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AND THOU ART DEAD “ Heu, quanto minus est cum reliquis versari quam tui meminisse!”
AND thou art dead, as young and fair
As aught of mortal birth;
And form so soft, and charms so rare,
Too soon return'd to Earth!
Though Earth received them in her bed,
And o'er the spot the crowd may tread
In carelessness or mirth,
There is an eye which could not brook
A moment on that grave to look.
I will not ask where thou liest low,
Nor gaze upon the spot ;
There flowers or weeds at will may grow,
So I behold them not:
It is enough for me to prove
That what I loved, and long must love,
Like common earth can rot ;
To me there needs no stone to tell,
'Tis Nothing that I loved so well.
Yet did I love thee to the last
As fervently as thou,
Who didst not change through all the past,
And canst not alter now.
The love where Death has set his seal,
Nor age can chill, nor rival steal,
Nor falsehood disavow :
And, what were worse, thou canst not see
Or wrong, or change, or fault in me.
The better days of life were ours;
The worst can be but mine :
The sun that cheers, the storm that lowers,
Shall never more be thine.
The silence of that dreamless sleep
I envy now too much to weep;
Nor need I to repine
That all those charms have pass'd away;
I might have watch'd through long decay.
The flower in ripen'd bloom unmatch'd
Must fall the earliest prey ;
Though by no hand untimely snatch'd,
The leaves must drop away :
And yet it were a greater grief
To watch it withering leaf by leaf,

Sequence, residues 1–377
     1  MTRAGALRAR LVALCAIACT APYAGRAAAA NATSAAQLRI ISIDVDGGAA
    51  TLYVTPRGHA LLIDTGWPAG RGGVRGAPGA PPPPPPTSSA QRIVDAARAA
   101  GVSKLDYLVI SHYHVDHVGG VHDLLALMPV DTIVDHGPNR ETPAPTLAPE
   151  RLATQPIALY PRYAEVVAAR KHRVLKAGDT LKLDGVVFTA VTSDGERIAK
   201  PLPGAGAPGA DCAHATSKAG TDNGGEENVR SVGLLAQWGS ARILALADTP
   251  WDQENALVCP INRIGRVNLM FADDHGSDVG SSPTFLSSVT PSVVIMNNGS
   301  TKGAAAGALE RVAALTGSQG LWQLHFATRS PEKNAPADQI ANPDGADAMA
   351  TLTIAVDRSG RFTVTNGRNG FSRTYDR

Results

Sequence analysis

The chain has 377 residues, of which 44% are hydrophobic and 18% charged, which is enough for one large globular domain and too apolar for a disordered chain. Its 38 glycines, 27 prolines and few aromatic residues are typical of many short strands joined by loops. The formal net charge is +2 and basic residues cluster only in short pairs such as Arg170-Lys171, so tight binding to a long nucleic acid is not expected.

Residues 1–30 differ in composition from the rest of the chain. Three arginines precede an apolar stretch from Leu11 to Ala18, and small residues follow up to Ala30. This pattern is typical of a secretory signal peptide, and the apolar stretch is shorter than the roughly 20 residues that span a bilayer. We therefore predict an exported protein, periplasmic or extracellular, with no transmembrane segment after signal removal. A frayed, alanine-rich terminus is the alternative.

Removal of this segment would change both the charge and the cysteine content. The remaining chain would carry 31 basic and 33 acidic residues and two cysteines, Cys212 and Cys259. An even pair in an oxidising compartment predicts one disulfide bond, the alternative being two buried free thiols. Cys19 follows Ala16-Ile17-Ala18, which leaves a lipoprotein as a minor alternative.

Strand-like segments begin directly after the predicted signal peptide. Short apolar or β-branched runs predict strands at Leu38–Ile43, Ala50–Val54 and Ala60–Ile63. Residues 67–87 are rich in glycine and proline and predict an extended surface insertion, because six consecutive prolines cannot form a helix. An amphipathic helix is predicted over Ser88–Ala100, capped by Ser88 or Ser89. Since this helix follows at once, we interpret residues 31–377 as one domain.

Than see it pluck'd to-day;
Since earthly eye but ill can bear
To trace the change to foul from fair.
I know not if I could have borne
To see thy beauties fade ;
The night that follow'd such a morn
Had worn a deeper shade:
Thy day without a cloud hath pass'd,
And thou wert lovely to the last ;
Extinguish'd, not decay'd ;
As stars that shoot along the sky
Shine brightest as they fall from high.
As once I wept, if I could weep,
My tears might well be shed,
To think I was not near to keep
One vigil o'er thy bed ;
To gaze, how fondly ! on thy face,
To fold thee in a faint embrace,
Uphold thy drooping head;
And show that love, however vain,
Nor thou nor I can feel again.
Yet how much less it were to gain,
Though thou hast left me free,
The loveliest things that still remain,
Than thus remember thee!
The all of thine that cannot die
Through dark and dread Eternity
Returns again to me,
And more thy buried love endears
Than aught, except its living years.
THE GLORY THAT WAS GREECE
Clime of the unforgotten brave !
Whose land from plain to mountain-cave
Was Freedom's home, or Glory's grave!
Shrine of the mighty ! can it be
That this is all remains of thee ?
Approach, thou craven crouching slave :
Say, is not this Thermopy.læ ? .
These waters blue that round you lave,
O servile offspring of the free-
Pronounce what sea, what shore is this?
The gulf, the rock of Salamis !
These scenes, their story not unknown,
Arise, and make again your own;
Snatch from the ashes of your sires
The embers of their former fires;
And he who in the strife expires
Will add to theirs a name of fear,
That Tyranny shall quake to hear,
And leave his sons a hope, a fame,
They too will rather die than shame: